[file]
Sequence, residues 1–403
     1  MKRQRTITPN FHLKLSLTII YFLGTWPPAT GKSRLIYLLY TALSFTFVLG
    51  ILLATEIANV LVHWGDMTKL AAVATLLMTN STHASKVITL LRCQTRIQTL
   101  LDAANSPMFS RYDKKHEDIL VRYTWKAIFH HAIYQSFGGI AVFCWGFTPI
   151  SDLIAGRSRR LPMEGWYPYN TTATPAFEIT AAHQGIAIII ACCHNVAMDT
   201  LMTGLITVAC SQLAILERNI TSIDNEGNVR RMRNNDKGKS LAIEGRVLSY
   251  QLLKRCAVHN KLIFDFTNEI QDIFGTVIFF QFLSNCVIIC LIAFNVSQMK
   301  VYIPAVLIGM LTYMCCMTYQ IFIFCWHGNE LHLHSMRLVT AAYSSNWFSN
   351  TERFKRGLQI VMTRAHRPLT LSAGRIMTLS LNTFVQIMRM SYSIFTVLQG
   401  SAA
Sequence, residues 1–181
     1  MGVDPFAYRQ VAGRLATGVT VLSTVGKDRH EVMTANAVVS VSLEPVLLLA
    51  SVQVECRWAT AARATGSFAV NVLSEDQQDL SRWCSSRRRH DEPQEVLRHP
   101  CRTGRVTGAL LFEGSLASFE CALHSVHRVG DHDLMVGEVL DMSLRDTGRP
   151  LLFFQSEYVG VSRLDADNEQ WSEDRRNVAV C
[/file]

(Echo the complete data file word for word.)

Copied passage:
Sequence, residues 1–403
     1  MKRQRTITPN FHLKLSLTII YFLGTWPPAT GKSRLIYLLY TALSFTFVLG
    51  ILLATEIANV LVHWGDMTKL AAVATLLMTN STHASKVITL LRCQTRIQTL
   101  LDAANSPMFS RYDKKHEDIL VRYTWKAIFH HAIYQSFGGI AVFCWGFTPI
   151  SDLIAGRSRR LPMEGWYPYN TTATPAFEIT AAHQGIAIII ACCHNVAMDT
   201  LMTGLITVAC SQLAILERNI TSIDNEGNVR RMRNNDKGKS LAIEGRVLSY
   251  QLLKRCAVHN KLIFDFTNEI QDIFGTVIFF QFLSNCVIIC LIAFNVSQMK
   301  VYIPAVLIGM LTYMCCMTYQ IFIFCWHGNE LHLHSMRLVT AAYSSNWFSN
   351  TERFKRGLQI VMTRAHRPLT LSAGRIMTLS LNTFVQIMRM SYSIFTVLQG
   401  SAA
Sequence, residues 1–181
     1  MGVDPFAYRQ VAGRLATGVT VLSTVGKDRH EVMTANAVVS VSLEPVLLLA
    51  SVQVECRWAT AARATGSFAV NVLSEDQQDL SRWCSSRRRH DEPQEVLRHP
   101  CRTGRVTGAL LFEGSLASFE CALHSVHRVG DHDLMVGEVL DMSLRDTGRP
   151  LLFFQSEYVG VSRLDADNEQ WSEDRRNVAV C